and think, "Really?"
but then again there's no first aid kit
so this will have to do.
I press it back between my hands.

A few small flames begin to lick
at the window of the lab above.
I can hear sirens in the distance.

The two lab loonies have already
disappeared into the night.
Since they weren't injured,
I don't really care.

Farce sounds moderately awful --
with her asthma, she must be
catching every cold on campus.
"Please tell me you have a real inhaler
somewhere on your person," I say.

Fortunately she does, although
she flips me off with one hand
while activating the inhaler with the other.
I still drape an arm around her for support,
and somewhat to my surprise, she lets me.

"I can't believe you pushed the button,"
I grumble as we trudge away from the building.
"You and those idiots could have gotten us killed."

"Yeah well, I just destroyed all of their research,
so it'll be a while before they can cause
much more trouble," Farce said.

"You honestly think they won't have backups?"
I say, because I've seen Clarity working
on our computer, and zir backups have backups.

"Judging from the complaints I've heard
about lost term papers, they never have before.
I have the worst roommate in the history of ever,"
Farce confides, leaning against me just a little.

"That's your roommate?" I ask.
I remember the story about the pills.

"Abby Brewer, but she likes to call herself Miss Mixit,"
Farce says with a nod. "She isn't really very good."
"Clearly not," I reply. After all,
look at what happened to Farce.

Suddenly there's a microphone in my face
and a chirpy voice is asking me what I've seen.

The next moment, my boots skid over ice
and I go down under a squishy reporter
for the campus newspaper.

Farce, of course, is nowhere in sight.


Maze

The student journalist scrambles off me,
putting her knee in my kidneys on the way.
I drag myself to my feet --

and there she is again,
pestering me for information
about the excitement at the lab.

I can see the firetrucks pulling up
and aiming streams of water at the flames.
The fire doesn't look too bad,
but it's going to be an awful mess to clean up.

"I-I, uh, I was just hoping that everyone
got out of the building safely," I stammer.

"So there were people in Franklin Lab
when the fire started!" the reporter says.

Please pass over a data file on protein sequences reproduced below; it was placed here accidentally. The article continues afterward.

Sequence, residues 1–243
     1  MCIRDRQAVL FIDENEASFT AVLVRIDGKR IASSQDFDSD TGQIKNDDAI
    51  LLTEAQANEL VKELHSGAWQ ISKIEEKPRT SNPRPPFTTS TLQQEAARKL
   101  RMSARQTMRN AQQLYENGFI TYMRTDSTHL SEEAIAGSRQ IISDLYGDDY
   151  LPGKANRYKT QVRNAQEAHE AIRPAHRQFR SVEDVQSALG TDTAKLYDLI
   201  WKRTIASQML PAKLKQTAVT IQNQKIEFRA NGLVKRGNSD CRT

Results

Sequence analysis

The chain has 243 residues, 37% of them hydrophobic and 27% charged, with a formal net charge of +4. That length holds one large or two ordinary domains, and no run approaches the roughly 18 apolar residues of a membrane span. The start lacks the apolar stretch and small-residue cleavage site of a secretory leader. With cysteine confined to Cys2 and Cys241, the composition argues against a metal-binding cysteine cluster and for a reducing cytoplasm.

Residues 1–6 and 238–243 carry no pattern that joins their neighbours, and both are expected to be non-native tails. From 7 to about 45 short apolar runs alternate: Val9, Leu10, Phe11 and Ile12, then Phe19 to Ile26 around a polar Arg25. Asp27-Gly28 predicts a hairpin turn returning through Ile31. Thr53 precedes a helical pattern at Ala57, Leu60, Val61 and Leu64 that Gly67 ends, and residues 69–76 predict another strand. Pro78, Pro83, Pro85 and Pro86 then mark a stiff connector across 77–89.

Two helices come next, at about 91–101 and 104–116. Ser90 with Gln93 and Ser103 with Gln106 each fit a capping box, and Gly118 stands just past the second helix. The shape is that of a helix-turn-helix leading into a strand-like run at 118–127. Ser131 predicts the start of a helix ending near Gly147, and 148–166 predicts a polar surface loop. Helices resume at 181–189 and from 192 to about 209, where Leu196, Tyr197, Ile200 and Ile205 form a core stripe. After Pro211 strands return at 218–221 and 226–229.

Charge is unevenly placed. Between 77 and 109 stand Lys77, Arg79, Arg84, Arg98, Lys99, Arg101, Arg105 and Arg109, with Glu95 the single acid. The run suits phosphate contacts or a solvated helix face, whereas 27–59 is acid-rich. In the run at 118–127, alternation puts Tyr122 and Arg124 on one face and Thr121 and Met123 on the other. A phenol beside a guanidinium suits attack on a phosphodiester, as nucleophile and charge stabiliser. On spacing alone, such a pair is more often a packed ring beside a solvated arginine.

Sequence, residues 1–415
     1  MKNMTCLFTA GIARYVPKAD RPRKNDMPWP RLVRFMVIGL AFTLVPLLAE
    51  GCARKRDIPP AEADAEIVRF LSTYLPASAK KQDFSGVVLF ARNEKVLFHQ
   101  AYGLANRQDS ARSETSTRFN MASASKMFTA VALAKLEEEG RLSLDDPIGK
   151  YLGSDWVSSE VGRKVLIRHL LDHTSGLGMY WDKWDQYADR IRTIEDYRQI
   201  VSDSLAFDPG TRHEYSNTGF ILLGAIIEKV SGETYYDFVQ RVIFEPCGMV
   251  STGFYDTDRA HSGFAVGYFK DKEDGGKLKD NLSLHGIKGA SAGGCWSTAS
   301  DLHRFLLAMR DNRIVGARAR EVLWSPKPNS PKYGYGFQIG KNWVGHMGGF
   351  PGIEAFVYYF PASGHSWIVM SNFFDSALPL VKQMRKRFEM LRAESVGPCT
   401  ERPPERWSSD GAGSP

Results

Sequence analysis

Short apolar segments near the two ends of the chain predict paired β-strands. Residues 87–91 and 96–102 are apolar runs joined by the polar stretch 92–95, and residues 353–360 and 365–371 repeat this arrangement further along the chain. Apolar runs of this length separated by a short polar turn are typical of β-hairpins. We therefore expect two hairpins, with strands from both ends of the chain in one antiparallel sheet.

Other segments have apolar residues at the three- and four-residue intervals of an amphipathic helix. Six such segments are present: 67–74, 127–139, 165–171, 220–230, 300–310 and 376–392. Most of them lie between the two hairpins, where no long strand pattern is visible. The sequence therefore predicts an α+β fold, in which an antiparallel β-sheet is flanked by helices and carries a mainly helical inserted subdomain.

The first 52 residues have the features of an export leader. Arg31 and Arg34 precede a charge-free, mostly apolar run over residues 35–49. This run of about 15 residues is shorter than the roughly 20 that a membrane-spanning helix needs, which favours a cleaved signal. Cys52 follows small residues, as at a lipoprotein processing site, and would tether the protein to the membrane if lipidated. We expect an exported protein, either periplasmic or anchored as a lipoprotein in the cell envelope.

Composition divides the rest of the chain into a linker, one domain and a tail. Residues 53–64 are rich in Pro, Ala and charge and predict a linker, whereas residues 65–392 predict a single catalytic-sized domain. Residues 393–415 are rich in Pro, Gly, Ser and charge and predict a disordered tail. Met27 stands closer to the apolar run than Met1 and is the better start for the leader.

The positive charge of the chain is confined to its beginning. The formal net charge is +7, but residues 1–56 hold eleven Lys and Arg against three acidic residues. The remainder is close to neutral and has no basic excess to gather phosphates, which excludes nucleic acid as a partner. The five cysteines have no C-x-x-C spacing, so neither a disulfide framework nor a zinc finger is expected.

"Was it arson or an accident?"

It wasn't exactly either,
but I'm not about to tell her that.
"That seems like, um," I hedge,
"something you should be asking
the campus police or fire department."

"So why are you over here avoiding them
instead of back there giving a report?"
I swear, she's like a pit bull with this.
Me, I just want to get home.

I am rescued, again,
by none other than Savoir Faire.

He swoops in from a rooftop,
riding the line down a flagpole.
The red, white, and blue ostrich plumes
on his floppy black hat flutter in the winter wind
as he flourishes the hat with a bow.

"I beg your pardon, mademoiselle,
but my associate and I must be off,"
Savoir Faire says to the reporter.
"We have business to attend elsewhere."

"Surely a patriotic American like yourself
could spare a few words
to inform our fellow citizens," she says.

"Sacré bleu, can't you see I'm French?!"
snaps Savoir Faire.

Her eyes widen in shock.
"Are you connected with the terrorists
who just blew up the Franklin Lab?"

"Mon Dieu, spare me the attention
of those who purport to write the news,"
Savoir Faire says.

He grabs me around the waist,
does something ridiculous with the flag line,
and just like that we're swinging through the air.

"That woman is a complete nuisance,"
Savoir Faire says when we land.
"Though on the other hand, at least
y'a du monde au balcon."

"Okay, so what was that all about?"
I ask as I brush his hands off my hips.

"Oh, petite, do you not know the first rule?"
Savoir Faire says, shaking his head.
"Never speak to the press!"

He isn't actually as charming
as he seemed the first time we met,
when he arrived just a little too late
to save Maisie from the assault by Mindflare,
although he did provide an escort
to the Student Health Center afterwards.

The constant vulgarity is kind of annoying,
and while he's handsome enough,
he's also a bit too fresh.

Still, there's no need
for both of us to be rude.
"Thanks for your help," I say
before I walk away.

"Any time, beauté," he says
and then dances his way
up to a roof and into the night.

Well. At least the current crisis is ...
all buttoned up, as it were,
and not in need of further attention now.

I walk home, my boots
crunching over remnants of snow.
The house is quiet as I let myself in,